London Search Engine Strategies Conference 2009 Review

Feb. 23, 2009 | by Jonathan Stewart

So last week, the London Search Engine Strategies Conference 2009 was in full swing at the Business Design Centre in Islington.  Some of the iCrossing Natural Search team were in attendance, and myself and David Hughes were both presenting there – David on the “Search Term Research and Targeting” panel, while I spoke on the “Link Building Basics” panel.  Our respective presentations can be found here, and here.  Natural Search Analysts Owen Powis, Caroline O’Donoghue, Magico Martinez, and David Peiris all attended the conference, and wrote up the following reviews of some of the panels:

Linkbaiting – How to attract media links?

Well, you really need to target key journalists. Key journalists will help you spread the word and they will make sure that your message gets to the right people.

There are various ways to gather information about these journalist, but it is almost essential that you create a database where you can introduce the contact details of the journalists you find, as well as they area of expertise. Then you will be able to refer to this database any time you have to contact someone.  Finding the right people may be a bit more difficult. A good start is to set up a google alert for the keyword you are targeting, and when any news come up, just get the contact details of the journalist. Utility searching will help you a lot too. Just try to search for your keyword in google news.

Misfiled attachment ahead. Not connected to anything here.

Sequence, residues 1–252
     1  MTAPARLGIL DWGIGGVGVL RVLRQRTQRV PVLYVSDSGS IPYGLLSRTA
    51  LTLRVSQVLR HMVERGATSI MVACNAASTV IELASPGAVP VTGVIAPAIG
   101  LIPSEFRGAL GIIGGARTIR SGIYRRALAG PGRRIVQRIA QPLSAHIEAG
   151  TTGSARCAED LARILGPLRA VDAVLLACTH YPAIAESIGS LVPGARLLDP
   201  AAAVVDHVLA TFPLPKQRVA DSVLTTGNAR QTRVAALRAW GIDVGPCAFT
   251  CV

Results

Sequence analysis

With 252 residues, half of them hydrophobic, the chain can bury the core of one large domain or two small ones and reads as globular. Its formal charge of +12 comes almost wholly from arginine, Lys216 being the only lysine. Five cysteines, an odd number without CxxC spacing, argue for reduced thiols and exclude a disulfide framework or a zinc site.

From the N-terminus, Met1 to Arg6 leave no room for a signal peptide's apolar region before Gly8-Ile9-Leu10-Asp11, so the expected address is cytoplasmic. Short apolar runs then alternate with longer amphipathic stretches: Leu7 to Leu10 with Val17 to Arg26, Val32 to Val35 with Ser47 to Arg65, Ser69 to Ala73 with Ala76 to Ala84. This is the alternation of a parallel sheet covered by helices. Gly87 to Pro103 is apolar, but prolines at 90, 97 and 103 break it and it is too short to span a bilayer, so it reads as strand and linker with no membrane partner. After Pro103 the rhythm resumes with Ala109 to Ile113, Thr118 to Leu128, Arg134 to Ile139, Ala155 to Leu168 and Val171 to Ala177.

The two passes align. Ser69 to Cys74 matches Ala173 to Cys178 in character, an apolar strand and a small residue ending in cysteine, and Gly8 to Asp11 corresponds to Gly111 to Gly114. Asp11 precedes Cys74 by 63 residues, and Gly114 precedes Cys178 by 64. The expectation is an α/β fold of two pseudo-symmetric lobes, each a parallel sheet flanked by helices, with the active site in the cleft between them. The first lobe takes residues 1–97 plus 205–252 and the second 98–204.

Another good way to find journalists is to refer to pages like mediaontwitter.pbwiki.com, blogcatalog, journalism.co.uk, or cyberjournalists.  And, of course, if what you are trying to promote pertains to a niche, then look for distribution services within that niche.  You will be surprised of how many niche distribution services there are out there.  Ok, now you have the journalist. Remember to send a good and focused press release.  All effort will be a waste if you just send a useless press release.  Add factual information! Journalists love facts, and it will help your business.